Hello from us all at Kensington Central Library! We’ve certainly been enjoying the better weather (& we hope you all have too) – so our blog post this month certainly has a summery feel – from Wimbledon to summer reading.
Well done Andy Murray!
Well that was certainly an exciting Sunday afternoon! I did at times think that Andy was keeping it going so that I could get home in time for match point. Sadly I wasn’t but I’m not sure my nerves could have coped with the tension anyway so probably not a bad thing! Indeed, he managed to finish him off relatively quickly in the end and I was able to have my celebratory ice cream and watch his Centre Court celebrations!
After a long wait there is certainly an element of relief as well as cheer in my heart at Murray’s victory; it was certainly a while since a British player won the Men’s singles Wimbledon – although I suppose he did win last year as well – does Olympic gold count?
We must all have had a feeling that this was coming after that gold medal, last year’s final, the doubles victories of Jonny Marray (last year) and Jamie Murray in 2007 and all those years of Tim Henman and Greg Rusedski so nearly getting to the final! You can read the stories about these victories and Andy Murray’s in the newspaper articles within UKNewsstand – a fully searchable database of UK national and local newspapers.
So although we may’ve been provided some consolation by the doubles victories, it was really the singles where we wanted to be victorious; it was certainly a long time since anyone had been singles champion. Virginia Wade “fought for 16 years” to win her women’s singles title in 1977 and for a men’s winner you had to go even further back – to 1936 with Fred Perry winning his third title. Fred’s final was much easier than Andy’s as von Cramm injured himself in the first game of the match.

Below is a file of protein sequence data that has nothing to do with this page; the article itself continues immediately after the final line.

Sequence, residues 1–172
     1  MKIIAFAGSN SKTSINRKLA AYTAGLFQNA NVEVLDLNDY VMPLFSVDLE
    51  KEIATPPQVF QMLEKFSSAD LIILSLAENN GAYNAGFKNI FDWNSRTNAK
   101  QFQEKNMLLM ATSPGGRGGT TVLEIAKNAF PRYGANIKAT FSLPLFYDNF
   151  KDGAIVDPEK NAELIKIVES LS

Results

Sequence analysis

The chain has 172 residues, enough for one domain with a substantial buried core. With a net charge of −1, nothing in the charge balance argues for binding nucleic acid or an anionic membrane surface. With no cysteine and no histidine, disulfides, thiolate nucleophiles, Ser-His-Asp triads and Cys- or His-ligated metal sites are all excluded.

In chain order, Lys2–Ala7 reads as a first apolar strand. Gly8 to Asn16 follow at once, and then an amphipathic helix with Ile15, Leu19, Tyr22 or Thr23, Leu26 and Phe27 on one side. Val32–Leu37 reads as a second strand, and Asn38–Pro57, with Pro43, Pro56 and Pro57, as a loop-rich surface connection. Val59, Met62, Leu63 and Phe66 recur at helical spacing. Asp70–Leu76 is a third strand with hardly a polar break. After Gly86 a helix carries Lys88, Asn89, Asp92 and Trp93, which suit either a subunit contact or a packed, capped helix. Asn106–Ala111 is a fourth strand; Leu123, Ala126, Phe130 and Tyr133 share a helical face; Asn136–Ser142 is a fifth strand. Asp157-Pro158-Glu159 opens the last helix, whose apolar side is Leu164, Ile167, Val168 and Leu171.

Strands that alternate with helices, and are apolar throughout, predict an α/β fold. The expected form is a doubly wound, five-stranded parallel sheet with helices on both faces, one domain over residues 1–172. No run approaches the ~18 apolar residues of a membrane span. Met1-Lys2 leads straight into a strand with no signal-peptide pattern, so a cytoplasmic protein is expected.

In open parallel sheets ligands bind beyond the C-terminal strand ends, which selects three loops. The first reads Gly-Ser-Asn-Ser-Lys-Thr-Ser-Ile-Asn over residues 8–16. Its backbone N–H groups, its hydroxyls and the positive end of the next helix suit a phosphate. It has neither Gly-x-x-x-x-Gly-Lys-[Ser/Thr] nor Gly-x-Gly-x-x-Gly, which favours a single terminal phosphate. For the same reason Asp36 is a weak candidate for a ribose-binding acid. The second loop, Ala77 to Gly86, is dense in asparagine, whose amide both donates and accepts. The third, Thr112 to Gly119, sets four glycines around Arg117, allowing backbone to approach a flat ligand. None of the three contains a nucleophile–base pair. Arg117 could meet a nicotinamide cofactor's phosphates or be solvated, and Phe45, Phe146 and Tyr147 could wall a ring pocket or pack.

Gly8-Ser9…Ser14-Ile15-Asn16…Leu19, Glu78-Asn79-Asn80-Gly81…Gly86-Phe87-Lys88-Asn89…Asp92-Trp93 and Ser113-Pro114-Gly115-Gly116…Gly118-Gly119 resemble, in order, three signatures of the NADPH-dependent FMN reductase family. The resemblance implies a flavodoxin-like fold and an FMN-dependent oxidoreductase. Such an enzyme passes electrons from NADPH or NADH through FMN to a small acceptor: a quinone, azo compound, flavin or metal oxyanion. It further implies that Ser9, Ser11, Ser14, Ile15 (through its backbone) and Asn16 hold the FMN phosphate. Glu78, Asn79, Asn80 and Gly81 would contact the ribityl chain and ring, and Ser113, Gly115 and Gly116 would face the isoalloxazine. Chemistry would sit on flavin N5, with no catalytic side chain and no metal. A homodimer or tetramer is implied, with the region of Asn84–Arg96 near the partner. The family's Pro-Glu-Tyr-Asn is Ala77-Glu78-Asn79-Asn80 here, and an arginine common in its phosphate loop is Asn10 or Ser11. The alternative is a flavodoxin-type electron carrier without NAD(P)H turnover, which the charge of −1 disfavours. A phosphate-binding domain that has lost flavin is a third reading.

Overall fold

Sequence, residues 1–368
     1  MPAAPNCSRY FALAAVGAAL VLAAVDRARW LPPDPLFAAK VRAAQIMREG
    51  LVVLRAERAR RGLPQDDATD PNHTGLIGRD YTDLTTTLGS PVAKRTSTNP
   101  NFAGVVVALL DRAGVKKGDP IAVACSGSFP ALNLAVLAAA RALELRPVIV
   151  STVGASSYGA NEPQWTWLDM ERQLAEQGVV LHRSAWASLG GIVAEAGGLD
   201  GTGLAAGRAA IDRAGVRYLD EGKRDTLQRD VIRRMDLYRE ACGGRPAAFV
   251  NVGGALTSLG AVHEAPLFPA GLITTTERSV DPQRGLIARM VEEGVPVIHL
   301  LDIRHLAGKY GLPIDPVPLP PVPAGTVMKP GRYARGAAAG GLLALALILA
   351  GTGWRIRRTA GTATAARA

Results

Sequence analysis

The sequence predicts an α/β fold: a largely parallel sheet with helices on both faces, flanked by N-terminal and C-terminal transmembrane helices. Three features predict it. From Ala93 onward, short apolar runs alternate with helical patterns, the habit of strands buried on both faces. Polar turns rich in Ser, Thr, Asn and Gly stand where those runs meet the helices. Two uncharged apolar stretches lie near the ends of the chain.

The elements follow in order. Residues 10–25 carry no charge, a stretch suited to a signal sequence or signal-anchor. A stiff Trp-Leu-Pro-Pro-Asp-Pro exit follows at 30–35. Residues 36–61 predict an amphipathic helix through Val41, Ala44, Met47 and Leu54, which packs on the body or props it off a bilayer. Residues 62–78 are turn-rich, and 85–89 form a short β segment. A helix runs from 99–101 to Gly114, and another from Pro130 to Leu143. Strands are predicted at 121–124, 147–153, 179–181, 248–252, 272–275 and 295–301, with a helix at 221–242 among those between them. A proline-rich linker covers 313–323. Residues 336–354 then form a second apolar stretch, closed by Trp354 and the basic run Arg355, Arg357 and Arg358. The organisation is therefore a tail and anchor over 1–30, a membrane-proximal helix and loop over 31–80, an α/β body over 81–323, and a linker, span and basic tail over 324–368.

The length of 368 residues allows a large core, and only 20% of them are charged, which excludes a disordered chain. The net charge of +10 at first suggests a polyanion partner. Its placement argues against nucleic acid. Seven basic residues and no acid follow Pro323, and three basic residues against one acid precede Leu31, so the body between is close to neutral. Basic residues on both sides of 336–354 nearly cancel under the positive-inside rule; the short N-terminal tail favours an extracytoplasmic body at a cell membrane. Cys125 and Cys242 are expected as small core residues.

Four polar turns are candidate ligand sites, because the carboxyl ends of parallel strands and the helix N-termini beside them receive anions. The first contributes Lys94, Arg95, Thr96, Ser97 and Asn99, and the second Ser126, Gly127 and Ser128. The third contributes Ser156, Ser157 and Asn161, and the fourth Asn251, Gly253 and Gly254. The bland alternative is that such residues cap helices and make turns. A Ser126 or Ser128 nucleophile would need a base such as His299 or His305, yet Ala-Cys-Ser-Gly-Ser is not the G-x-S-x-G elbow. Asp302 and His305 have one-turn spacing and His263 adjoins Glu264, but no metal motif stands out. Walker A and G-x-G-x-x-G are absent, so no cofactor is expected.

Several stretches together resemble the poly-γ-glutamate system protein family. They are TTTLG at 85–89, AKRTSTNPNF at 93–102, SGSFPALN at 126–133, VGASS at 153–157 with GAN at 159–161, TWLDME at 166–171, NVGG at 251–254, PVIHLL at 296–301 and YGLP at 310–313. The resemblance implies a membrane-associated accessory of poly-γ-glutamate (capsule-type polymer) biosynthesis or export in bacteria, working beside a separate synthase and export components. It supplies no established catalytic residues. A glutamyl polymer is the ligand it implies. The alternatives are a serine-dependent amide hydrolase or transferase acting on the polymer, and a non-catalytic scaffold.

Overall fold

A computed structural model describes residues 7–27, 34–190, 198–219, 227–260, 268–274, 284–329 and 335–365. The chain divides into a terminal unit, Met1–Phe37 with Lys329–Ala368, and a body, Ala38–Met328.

You can read about both of their victories and the reaction in the Times Digital Archive – this is an online, full-text facsimile of more than 200 years of The Times. Judging by the reaction to Fred’s win with his “murderous forehand” I don’t think they knew just how long we would have to wait until they could next celebrate such a victory at Wimbledon!
Fred was a very interesting chap as well. You only have to read his biography, did you know he had also been the world table tennis champion?! And it wasn’t just these competitions that he won – have a whiz through his fascinating life story in the Oxford Dictionary of National Biography – this lists remarkable people in any walk of life who were connected with the British Isles, excluding living people.
Finally, as we look on into the future wondering whether Andy can compete with Fred’s records why not have a read of the Oxford University Press’ blog piece, ‘An Oxford Companion to Wimbledon’ (I especially like the ending) which perhaps expresses some of our pre-victory feelings.
Triborough Reference Librarian
The heat is on – so cool down with a book!
The hot weather has inspired us to have a look at some books about cooling down, such as a great book about ‘Wild Swimming’ by Daniel Start. And we have also been picking out some great stories to get stuck into on lazy summer days. Take a look at our selection at the Kensington Central Library.
The 19 to 28 July is London 60s Week – an annual festival celebrating the golden anniversary of the 60s. The festival celebrates the creative explosion from this period, and we have found lots of evidence of this creative talent in our books!
More information about this festival can be found on the London 60s Week website.
We’ve also got some summer reading displays in our children’s library – especially for this year’s Summer Reading Challenge! More information about the challenge and our special events during the school holidays can be found on our Summer Reading Challenge webpage.